Gooden Center
A residential drug treatment center for men located in Pasadena, CA. The Gooden Center is a proud member of the National Association of Addiction Treatment Providers (NAATP).

(626) 356-0078
191 North El Molino Avenue Pasadena, CA 91101 US

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Posts Tagged ‘substance abuse’

Is LA’s Homeless Crisis Fueled By Mental Health and Addiction?

Posted on: October 17th, 2019 by The Gooden Center No Comments

Is LA’s Homeless Crisis Fueled By Mental Health and Addiction?

According to The Addiction Center in 2017, there were approximately 554,000 homeless people in the United States. Many believe the number to be much higher due to the challenges in accurate data collection. The number of homeless increases each year, especially within the younger age demographic.

Causes of Homelessness

Although substance abuse can lead to homelessness, in many cases the end result of homelessness is substance abuse. Unfortunately, homelessness and addiction do often go hand in hand across age and ethnic groups. Other common causes are the result of a financial hardship including job loss, home forecloses and a lack of affordable healthcare or housing.  According to Harvard Health, “The mentally ill and people addicted to alcohol or drugs are the first victims of housing shortages.”

The National Coalition for the Homeless (NCH) also lists addiction and mental illness as “two of the primary personal factors that lead to financial instability and the loss of permanent housing.” It is also important to note there do exist homeless individuals who do not have a problem with drugs or alcohol. Although rates of substance use are disproportionately high among those experiencing homelessness, homelessness cannot be explained by substance use alone as many people who suffer from addiction never become homeless

Mental health

Those experiencing homelessness may also develop mental health issues due to the harsh lifestyle. Not only do individuals who are homeless  generally face hunger and a lack of shelter, they also experience violence, sexual assault and many forms of harassment.

Homeless women suffer from gender-based trauma which in turn results in higher amounts of drug use compared to homeless men. The majority of homeless women also suffer from mental and emotional disturbances that often develop even before they become homeless.

Some mental health issues that homeless people experience include:

  • Severe anxiety
  • Bipolar disorder
  • Paranoia/Delusions/Disorentiation
  • Schizophrenia/Schizoaffective disorder
  • Post-Traumatic Stress Disorder
  • Major depressive disorder

The Cycle Continues

Without proper shelter, security and a lack of access to affordable treatment for substance abuse and mental health care, the homeless population continue deeper into the destructive cycle of abuse and often relentlessly withdraw from mainstream society.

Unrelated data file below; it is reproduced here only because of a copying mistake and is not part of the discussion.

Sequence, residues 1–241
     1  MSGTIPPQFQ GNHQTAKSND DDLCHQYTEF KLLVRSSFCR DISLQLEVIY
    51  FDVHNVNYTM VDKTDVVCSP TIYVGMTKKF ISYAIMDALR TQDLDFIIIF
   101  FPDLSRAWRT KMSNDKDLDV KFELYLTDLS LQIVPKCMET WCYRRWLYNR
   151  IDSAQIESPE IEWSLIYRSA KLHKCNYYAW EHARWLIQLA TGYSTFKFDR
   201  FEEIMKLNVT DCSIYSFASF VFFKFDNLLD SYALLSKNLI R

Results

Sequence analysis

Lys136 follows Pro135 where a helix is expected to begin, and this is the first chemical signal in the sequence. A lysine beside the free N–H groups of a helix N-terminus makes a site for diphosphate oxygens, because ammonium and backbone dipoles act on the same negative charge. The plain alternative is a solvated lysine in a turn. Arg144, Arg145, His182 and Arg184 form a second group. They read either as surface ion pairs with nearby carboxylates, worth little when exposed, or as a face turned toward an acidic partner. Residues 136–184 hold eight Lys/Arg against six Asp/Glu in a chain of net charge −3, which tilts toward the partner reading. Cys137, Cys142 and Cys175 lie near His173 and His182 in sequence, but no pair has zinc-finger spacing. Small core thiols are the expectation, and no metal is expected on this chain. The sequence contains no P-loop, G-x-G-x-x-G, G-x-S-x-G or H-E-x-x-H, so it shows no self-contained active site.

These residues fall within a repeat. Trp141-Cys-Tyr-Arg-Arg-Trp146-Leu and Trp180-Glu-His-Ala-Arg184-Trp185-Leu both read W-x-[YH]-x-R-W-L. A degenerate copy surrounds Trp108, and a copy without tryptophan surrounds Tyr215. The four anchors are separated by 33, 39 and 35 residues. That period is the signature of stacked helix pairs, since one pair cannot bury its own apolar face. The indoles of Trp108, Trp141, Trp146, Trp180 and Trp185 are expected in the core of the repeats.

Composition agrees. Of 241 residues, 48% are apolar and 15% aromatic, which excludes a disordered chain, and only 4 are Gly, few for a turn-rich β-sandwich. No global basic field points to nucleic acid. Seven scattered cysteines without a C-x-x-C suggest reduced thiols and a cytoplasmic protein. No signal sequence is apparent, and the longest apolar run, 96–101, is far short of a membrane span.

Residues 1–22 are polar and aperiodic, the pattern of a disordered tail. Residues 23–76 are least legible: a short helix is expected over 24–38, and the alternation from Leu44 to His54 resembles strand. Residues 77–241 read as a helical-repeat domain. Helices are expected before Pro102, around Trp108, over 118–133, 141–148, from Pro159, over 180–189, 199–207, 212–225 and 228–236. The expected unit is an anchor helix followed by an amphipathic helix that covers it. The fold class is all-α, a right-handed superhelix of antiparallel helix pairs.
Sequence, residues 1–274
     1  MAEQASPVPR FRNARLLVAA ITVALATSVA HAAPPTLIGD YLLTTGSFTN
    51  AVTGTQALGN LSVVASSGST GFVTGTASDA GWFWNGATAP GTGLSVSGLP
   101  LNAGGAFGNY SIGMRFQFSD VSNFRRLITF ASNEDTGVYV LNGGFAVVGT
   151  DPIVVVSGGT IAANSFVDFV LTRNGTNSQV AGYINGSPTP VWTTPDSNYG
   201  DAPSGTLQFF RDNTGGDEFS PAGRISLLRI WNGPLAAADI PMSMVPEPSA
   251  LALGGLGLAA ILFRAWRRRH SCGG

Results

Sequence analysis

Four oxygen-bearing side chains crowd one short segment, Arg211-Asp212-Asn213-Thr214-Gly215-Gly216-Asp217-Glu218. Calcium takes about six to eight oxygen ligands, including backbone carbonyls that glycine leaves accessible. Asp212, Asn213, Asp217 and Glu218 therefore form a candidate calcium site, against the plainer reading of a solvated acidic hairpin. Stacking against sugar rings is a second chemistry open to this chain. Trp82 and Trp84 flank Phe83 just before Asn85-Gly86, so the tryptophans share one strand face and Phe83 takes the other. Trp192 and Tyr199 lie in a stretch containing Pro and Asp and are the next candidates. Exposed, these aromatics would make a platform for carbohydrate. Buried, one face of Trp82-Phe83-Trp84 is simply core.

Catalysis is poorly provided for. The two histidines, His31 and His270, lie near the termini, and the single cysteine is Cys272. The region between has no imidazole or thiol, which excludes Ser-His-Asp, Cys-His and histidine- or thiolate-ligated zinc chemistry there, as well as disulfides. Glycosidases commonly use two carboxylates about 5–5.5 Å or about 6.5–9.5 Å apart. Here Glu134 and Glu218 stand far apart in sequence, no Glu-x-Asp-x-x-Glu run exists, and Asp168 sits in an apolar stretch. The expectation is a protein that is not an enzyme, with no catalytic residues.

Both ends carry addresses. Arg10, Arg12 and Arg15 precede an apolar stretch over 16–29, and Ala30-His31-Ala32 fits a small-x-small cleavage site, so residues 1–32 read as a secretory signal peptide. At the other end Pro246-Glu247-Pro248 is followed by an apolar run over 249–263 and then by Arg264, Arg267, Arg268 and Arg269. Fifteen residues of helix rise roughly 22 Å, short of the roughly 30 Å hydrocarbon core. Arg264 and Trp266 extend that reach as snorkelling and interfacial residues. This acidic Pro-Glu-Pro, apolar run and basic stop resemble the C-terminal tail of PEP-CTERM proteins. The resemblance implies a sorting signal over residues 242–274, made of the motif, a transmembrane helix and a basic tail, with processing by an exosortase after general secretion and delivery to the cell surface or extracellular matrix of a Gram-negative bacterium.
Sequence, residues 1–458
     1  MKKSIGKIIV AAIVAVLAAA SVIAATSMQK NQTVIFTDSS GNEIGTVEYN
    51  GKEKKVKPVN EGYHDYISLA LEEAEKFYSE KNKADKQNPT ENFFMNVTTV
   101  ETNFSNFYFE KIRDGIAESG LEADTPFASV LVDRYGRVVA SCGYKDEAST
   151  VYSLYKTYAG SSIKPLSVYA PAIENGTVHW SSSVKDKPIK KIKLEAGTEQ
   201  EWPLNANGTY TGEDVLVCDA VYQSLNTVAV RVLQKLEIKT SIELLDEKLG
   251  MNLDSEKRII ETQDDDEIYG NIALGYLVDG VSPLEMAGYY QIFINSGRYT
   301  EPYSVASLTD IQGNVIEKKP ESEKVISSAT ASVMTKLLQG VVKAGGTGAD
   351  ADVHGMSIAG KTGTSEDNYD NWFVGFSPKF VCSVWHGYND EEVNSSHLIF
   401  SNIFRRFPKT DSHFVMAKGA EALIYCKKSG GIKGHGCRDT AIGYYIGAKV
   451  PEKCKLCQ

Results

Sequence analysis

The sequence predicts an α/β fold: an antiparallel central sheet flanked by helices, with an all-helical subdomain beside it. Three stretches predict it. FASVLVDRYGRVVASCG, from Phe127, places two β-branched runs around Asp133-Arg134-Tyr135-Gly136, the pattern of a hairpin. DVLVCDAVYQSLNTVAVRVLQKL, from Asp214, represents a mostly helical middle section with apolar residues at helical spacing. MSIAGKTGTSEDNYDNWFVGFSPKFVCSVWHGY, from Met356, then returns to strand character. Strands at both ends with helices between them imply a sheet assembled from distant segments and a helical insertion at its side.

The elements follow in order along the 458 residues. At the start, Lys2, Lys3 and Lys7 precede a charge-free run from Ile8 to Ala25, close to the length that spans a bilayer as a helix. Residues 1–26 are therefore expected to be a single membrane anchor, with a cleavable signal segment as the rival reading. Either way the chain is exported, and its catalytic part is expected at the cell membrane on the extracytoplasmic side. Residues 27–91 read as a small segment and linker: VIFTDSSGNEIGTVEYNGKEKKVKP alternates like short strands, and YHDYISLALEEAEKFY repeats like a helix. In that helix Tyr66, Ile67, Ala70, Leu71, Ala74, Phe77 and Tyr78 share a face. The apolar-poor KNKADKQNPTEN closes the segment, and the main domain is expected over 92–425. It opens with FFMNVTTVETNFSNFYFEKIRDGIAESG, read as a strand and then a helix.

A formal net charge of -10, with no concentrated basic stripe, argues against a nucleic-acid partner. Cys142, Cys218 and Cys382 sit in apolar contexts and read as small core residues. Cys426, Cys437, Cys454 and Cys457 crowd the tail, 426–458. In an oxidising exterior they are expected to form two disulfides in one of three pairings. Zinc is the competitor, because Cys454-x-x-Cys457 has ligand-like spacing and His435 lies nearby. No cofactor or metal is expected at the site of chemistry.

There are numerous programs and continuous efforts to “solve the homeless crisis” but those involved face many challenges. Recently, Mayor Eric Garcetti allocated funding to emergency shelters with “A Bridge Home” program for those waiting to be placed in a more permanent form of housing. However, connecting those in need with these services are hard because of the widespread substance abuse and mental illness. The timing and bureaucracy of finding solutions also pushes those away.

Stigma

Unfortunately, negative narratives and a general misunderstanding of homelessness continuously lead to an ongoing negative stigma. Many believe the end to homelessness starts with the end of the homeless stigma. When attitudes are shifted and more people are informed of the causes and challenges, they can treat those experiencing homelessness with empathy and respect.

References:

https://www.addictioncenter.com/addiction/homelessness/

https://www.dailynews.com/2019/10/07/a-new-look-at-las-homeless-count-numbers-has-some-wondering-if-there-will-be-a-shift-in-conversation-around-mental-illness-drug-addiction/

https://www.health.harvard.edu/newsletter_article/The_homeless_mentally_ill

 

What to Say to an Alcoholic

Posted on: July 12th, 2019 by The Gooden Center No Comments

Is LA’s Homeless Crisis Fueled By Mental Health and Addiction?

 

When you believe that someone in your life may be abusing alcohol, you may not know what to do or what to say to them that may help the situation. How can you discuss a person’s problem with them without driving them further away into their substance abuse? People who are actively addictive are often defensive of their actions which can make it challenging to discuss the issue with them.

 

A useful way to start a conversation with an alcoholic is to start by expressing concern and love. You can say “I feel concerned about you because..” and discussing certain things that may be examples of how their drinking has affected them or other people. Having concern for them but also concrete reasons can make it easier to reach them.

 

Sometimes when drinking becomes really out of control you will need to give the alcoholic an ultimatum. You might say “If you continue to drink we can’t..” if you are feeling like you need to distance yourself from them. This may not affect the alcoholic right away but they will eventually think about your ultimatum and it can help them make a decision.

 

Even though you might want to establish boundaries with the alcoholic it is also important to make it clear that you will support them if they choose to be sober. You can say “I will be here for you when you decide to get help.” This lets them know that you are not abandoning them but must remove yourself from their addictive behavior.

 

When an alcohol does enter recover you can provide support, be there for them when they need to talk and provide encouragement as often as you can. It can be difficult to handle the situation when someone is addicted but following these guidelines can help you maintain your relationship with them.